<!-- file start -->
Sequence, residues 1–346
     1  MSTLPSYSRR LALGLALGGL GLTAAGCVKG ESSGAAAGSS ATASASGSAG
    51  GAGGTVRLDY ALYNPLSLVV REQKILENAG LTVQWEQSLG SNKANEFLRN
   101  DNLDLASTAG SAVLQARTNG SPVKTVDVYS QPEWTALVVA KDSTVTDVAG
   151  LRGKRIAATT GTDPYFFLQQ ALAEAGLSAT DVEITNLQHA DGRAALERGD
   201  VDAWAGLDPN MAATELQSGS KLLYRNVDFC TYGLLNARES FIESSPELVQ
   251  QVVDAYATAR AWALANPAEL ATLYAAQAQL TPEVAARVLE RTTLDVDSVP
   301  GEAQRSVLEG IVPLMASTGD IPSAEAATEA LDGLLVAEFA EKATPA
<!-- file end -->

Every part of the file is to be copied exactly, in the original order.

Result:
Sequence, residues 1–346
     1  MSTLPSYSRR LALGLALGGL GLTAAGCVKG ESSGAAAGSS ATASASGSAG
    51  GAGGTVRLDY ALYNPLSLVV REQKILENAG LTVQWEQSLG SNKANEFLRN
   101  DNLDLASTAG SAVLQARTNG SPVKTVDVYS QPEWTALVVA KDSTVTDVAG
   151  LRGKRIAATT GTDPYFFLQQ ALAEAGLSAT DVEITNLQHA DGRAALERGD
   201  VDAWAGLDPN MAATELQSGS KLLYRNVDFC TYGLLNARES FIESSPELVQ
   251  QVVDAYATAR AWALANPAEL ATLYAAQAQL TPEVAARVLE RTTLDVDSVP
   301  GEAQRSVLEG IVPLMASTGD IPSAEAATEA LDGLLVAEFA EKATPA